It’s All About The Manta Raya

Electronica has always found a home in Buenos Aires. And while the days of the superclubs are all but over (they still exist but, like in Europe, they aren’t as fervently followed as used to be), dance/electronica groups always go down well in the capital. It has also provided Argentina with some of its biggest breakout acts – most notably the Gotan Project and Gustavo Sanatolla’s project Bajofondo Tango Club.

In the post-superclub space came The Manta Raya in 2000. Their first album, Yeah!, came with a garish cover that screamed PARTY! It was around the same time as the Brazilians, CSS (remember the brilliantly titled Let’s Make Love and Listen to Death From Above?). It was big, bold and (you may want to look away now) phat. Yes, with a ‘ph’! In venues such as Niceto – or even Creamfields – around 2006, we were hanging off the ceiling (I’m exaggerating, but you get the drift) to Manta Raya.

Argentinian Musicians - Manta Raya
The Manta Raya – Photo from

Despite their dance sensibilities, there are touches of some particularly 1980s ‘move-your-ass’ synthesized vocals, alongside wayward bleeps, Casio keyboard sounds and beats. And since their genesis in 2000, with the current bands making the same sort of New Rave noises (M83, Foals, Hot Chip et al), they have found their groove again and are partying as hard ever.

Manta Raya came together in Mar Del Plata – the, erm, Skegness of Argentina (actually, that’s a little unfair. Bournemouth perhaps) in 2000. As you could probably guess, Mecha, Quique and George were art students. After seven years of playing and partying anywhere they could, they released Yeah! It was a hit in South America, at least. It was hot, sexy, sensual, and occasionally downright dirty. Buenos Aires loved it. There was even a song in German – Komm Zu Mir. No idea what they were singing, but I’m sure it was rude.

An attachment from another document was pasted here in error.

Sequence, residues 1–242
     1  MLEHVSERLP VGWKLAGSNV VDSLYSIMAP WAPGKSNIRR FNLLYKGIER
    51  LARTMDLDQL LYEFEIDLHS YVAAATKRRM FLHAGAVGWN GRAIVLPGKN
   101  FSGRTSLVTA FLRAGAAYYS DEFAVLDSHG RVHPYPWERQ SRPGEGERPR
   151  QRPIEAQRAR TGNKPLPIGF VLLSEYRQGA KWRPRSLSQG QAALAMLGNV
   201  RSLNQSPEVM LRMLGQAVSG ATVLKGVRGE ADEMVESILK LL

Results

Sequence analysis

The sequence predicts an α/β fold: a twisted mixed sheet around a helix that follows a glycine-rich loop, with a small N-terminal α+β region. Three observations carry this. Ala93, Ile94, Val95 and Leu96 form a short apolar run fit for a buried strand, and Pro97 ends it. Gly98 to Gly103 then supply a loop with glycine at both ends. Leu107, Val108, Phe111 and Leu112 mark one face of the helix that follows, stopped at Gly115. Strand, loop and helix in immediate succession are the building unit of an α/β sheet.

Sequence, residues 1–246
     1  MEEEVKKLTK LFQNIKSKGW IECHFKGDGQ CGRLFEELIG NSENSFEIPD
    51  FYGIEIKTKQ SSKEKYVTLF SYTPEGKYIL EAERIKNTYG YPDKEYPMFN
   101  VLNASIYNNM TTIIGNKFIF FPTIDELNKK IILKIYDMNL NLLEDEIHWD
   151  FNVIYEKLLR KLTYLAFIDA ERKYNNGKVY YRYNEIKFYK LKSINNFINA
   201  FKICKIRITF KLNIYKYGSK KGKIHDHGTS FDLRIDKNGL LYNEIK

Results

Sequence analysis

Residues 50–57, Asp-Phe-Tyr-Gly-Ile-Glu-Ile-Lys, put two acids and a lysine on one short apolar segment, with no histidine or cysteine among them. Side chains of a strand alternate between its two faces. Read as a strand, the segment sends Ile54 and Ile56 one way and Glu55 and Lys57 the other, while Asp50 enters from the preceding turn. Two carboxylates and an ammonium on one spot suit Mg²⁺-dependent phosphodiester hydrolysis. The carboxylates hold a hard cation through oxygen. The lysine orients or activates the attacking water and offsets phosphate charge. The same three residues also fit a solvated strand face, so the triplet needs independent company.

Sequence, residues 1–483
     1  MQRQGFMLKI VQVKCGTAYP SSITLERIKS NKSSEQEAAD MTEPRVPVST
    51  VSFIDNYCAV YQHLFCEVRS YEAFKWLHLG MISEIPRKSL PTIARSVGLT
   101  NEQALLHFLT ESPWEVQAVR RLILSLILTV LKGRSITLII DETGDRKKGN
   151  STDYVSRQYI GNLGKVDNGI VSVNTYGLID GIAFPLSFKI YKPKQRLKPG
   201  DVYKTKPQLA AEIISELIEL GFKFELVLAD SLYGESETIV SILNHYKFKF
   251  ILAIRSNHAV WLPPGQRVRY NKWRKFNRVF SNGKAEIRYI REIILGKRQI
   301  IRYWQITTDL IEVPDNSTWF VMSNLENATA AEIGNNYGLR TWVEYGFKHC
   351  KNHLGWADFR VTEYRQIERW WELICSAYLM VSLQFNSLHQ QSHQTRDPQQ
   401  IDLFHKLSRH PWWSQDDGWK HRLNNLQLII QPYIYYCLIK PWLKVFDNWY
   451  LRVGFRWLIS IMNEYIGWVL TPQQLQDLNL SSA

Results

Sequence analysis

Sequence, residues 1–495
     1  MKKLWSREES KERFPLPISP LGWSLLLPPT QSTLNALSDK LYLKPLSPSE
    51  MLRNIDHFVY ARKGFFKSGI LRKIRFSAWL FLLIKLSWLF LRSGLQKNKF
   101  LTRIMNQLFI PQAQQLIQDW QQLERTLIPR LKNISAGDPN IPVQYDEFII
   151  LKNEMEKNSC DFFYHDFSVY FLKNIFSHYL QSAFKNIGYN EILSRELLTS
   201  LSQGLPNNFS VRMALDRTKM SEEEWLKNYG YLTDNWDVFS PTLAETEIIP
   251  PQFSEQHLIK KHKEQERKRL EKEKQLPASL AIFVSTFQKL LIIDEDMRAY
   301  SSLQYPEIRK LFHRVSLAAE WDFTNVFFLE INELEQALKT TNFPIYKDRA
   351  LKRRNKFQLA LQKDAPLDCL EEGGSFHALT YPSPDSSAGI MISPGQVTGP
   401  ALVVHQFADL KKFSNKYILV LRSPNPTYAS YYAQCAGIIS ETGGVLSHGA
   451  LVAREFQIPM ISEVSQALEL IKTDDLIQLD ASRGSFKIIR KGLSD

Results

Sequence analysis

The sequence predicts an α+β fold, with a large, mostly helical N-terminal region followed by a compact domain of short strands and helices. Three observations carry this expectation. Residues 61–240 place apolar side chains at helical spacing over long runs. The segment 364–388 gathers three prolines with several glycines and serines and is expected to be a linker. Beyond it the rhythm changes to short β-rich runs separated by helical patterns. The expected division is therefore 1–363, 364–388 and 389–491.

Argentina Music - Manta Raya Creamfields
Manta Raya playing Creamfields in Buenos Aires
Photo from

Their most recent album is Dead Fingers – released in 2010, and still being promoted – which goes back to electronica roots, particularly with its biggest song, Dead Miami. It’s pure dancefloor. More far out, and arguably less successful, is the big and dirty Toffie. It’s a collaboration with Francois Van Coke, a South African punk rock band, and sounds like Frankie Goes to Hollywood singing metal… in Afrikaans. Fangs’ off-kilter beat backs singer Mecha’s lyrics, in English, that wouldn’t seem out of place in the Rocky Horror Picture Show: “I’ve got lipstick fangs and I’m starting dance/You’ve got blood running out of your head”. Lucky Ones is the most accessible, fun (and potty-mouthed) tune on the album. “Sure we want money and fame, but most of all we want to do our thing.” It undeniably sounds 1980s German house – and that is meant in a good way.

The Manta Raya are one of the most energetic and exciting bands to come out of the New Rave scene in Buenos Aires. Its influences are European – Manchester, Berlin – but it’s a sound that could have only come out of the steamy clubs of Argentina.

Argentinian Pop - Manta Raya
The Manta Raya live. Photo from

Best of all, if you go to their website, there’s a free download of The Manta Raya’s mix album. If you’re in Buenos Aires then keep an eye on the Facebook page for their prolific touring schedule.

Have a listen:

Couche Moi – one of their sleaziest songs

Edgie – this is a massive song – mind-blowing

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Daniel Neilson

Daniel Neilson

Daniel Neilson is a freelance writer and photographer, and lived in Buenos Aires for five years eating too much meat, going hoarse at football games and thoroughly failing to learn a step of tango. He edited Time Out’s Buenos Aires guidebook and has contributed words and photos to a variety of publications about Argentina for Four Four Two, The Wire, CNN Traveller, Real Travel, Adventure Travel and the Observer among others. He now spends his days drinking imported mate and planning his return journey.
Daniel Neilson

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